"Good enough" may be the most invoked cliché of startup life--especially in
tech. You hear variations on this theme constantly: Perfect is the enemy of done; move fast and break things; launch it now and fix it later. Like a lot of things in startup land, it's a cliché because it's true.
What you don't hear is that, for most of us, next year never comes. Many startups are just gone. Out of business. Their "good enough" wasn't good enough, it turned out. And for those exceptional others, they're so busy fanning the flames of success that there's no time to go back and fix things.
In software, there's a notion of "technical debt"--the debt a company accumulates by using sloppy, get-us-there code in the short term that really should be rewritten at some point. It's like roofing a house with a tarpaulin and duct tape instead of proper shingles. And this notion goes beyond code; most startup products accumulate design debt that should be remedied as soon as possible.
But in the era of minimum viable products--MVPs, products that aren't fully baked but work well enough to acquire some growth and traction--pausing everything to repay your debt is exceptionally hard to do. It's like getting that new roof on your house: You know you really need to do it, but since there's no immediately visible benefit, it's easily postponed.
At our startup, Iodine, later is now. Two and a half years after launching Iodine.com, we're finally getting around to fixing a few things that have bothered us since day one. It's a rare opportunity to reassess and rebuild, with the purpose of making things a little less minimally viable.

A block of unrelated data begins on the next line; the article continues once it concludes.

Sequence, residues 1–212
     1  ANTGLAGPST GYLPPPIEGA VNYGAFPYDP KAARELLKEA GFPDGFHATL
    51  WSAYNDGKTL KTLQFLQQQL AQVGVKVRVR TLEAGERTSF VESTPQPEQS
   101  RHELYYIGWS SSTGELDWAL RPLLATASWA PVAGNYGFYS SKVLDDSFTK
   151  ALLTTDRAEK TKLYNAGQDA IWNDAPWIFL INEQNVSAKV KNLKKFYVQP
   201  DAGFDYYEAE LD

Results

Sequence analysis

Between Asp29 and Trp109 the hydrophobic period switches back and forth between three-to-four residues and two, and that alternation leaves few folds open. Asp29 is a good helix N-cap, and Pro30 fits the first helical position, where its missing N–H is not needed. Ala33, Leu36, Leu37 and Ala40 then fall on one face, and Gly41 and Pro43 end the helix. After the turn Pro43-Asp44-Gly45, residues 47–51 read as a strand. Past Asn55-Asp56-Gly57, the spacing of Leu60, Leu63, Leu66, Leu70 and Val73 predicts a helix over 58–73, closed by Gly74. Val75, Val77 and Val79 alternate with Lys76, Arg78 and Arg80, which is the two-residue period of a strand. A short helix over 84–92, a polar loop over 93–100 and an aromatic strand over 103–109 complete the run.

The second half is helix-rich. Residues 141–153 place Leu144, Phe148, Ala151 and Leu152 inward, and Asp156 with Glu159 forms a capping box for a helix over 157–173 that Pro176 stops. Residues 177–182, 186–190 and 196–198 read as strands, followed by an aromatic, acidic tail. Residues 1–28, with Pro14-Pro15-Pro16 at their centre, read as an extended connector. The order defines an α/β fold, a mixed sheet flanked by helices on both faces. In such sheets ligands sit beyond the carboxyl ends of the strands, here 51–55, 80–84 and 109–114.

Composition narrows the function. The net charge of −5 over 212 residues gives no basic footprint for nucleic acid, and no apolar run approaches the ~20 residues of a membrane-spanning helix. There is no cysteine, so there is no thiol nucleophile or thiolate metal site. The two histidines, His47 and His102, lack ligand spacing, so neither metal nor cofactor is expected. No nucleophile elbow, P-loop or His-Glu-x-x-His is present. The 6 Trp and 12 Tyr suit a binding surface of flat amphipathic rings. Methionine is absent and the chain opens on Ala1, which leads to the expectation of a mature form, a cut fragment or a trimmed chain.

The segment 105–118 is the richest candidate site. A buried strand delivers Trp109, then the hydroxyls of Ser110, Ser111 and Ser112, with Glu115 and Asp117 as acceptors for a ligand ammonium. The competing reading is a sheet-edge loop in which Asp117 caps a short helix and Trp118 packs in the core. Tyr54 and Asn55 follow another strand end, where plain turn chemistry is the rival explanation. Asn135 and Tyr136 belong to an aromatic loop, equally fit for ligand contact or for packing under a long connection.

This isn't merely adding more features to the product--we need to be wary of feature bloat, or adding functions and tools that people will never discover or use. Rather, it's about understanding how customers are actually engaging with our product, and making that experience more efficient and rewarding. In our case, since Iodine provides health information online, we can do some of this by analyzing our Web traffic through Google Analytics, some through services like UserTesting.com, and some with old-fashioned focus groups, people you invite in and then watch as they click away.
At times, this takes a thick skin. We've found a few of our favorite features--like some
fancy natural language processing to personalize information--are, sadly, rarely used or too darn confusing. Out they go. Other discoveries are happier, as we've identified needs we haven't yet addressed--such as better drug-interaction data. These aren't always easy fixes. Slack, the team messaging company, knew its users wanted threaded conversations, but took a while to figure out how to build that function productively before finally launching it a few months ago.
We've had to withstand the temptation to fix everything at once. Instead, we've put different invisible, technical improvements into different releases and pushed them out in small batches or individually--to determine if they are, in fact, making things better. We're careful to pinpoint a target variable and measure the difference to know whether each change is meaningful.
We're not gunning for a big reveal, as we did with our launch. This time, the aim is a steady and frankly sometimes ponderous iteration. Not every industry gets second chances. You wouldn't buy a car that's merely an MVP. Maybe, though, we should try to build our apps more like autos are built.